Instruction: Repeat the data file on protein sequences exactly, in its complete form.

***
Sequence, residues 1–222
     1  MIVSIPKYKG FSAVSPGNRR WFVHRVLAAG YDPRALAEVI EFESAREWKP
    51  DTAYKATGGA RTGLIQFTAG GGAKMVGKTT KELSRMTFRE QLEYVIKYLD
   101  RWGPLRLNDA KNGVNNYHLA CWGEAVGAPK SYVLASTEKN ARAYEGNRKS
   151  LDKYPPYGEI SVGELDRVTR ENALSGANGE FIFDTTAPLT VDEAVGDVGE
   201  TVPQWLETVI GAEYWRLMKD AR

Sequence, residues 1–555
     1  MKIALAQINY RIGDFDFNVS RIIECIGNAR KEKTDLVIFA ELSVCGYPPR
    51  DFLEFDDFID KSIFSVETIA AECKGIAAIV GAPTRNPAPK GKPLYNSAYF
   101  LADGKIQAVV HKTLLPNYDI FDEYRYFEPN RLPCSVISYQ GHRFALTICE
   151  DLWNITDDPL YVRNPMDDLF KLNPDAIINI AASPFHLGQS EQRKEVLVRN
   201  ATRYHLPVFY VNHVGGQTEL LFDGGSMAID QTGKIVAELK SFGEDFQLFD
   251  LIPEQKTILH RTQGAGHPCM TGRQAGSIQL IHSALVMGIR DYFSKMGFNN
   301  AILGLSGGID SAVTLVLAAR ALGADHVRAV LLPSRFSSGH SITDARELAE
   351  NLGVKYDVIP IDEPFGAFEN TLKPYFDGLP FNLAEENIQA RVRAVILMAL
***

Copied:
Sequence, residues 1–222
     1  MIVSIPKYKG FSAVSPGNRR WFVHRVLAAG YDPRALAEVI EFESAREWKP
    51  DTAYKATGGA RTGLIQFTAG GGAKMVGKTT KELSRMTFRE QLEYVIKYLD
   101  RWGPLRLNDA KNGVNNYHLA CWGEAVGAPK SYVLASTEKN ARAYEGNRKS
   151  LDKYPPYGEI SVGELDRVTR ENALSGANGE FIFDTTAPLT VDEAVGDVGE
   201  TVPQWLETVI GAEYWRLMKD AR

Sequence, residues 1–555
     1  MKIALAQINY RIGDFDFNVS RIIECIGNAR KEKTDLVIFA ELSVCGYPPR
    51  DFLEFDDFID KSIFSVETIA AECKGIAAIV GAPTRNPAPK GKPLYNSAYF
   101  LADGKIQAVV HKTLLPNYDI FDEYRYFEPN RLPCSVISYQ GHRFALTICE
   151  DLWNITDDPL YVRNPMDDLF KLNPDAIINI AASPFHLGQS EQRKEVLVRN
   201  ATRYHLPVFY VNHVGGQTEL LFDGGSMAID QTGKIVAELK SFGEDFQLFD
   251  LIPEQKTILH RTQGAGHPCM TGRQAGSIQL IHSALVMGIR DYFSKMGFNN
   301  AILGLSGGID SAVTLVLAAR ALGADHVRAV LLPSRFSSGH SITDARELAE
   351  NLGVKYDVIP IDEPFGAFEN TLKPYFDGLP FNLAEENIQA RVRAVILMAL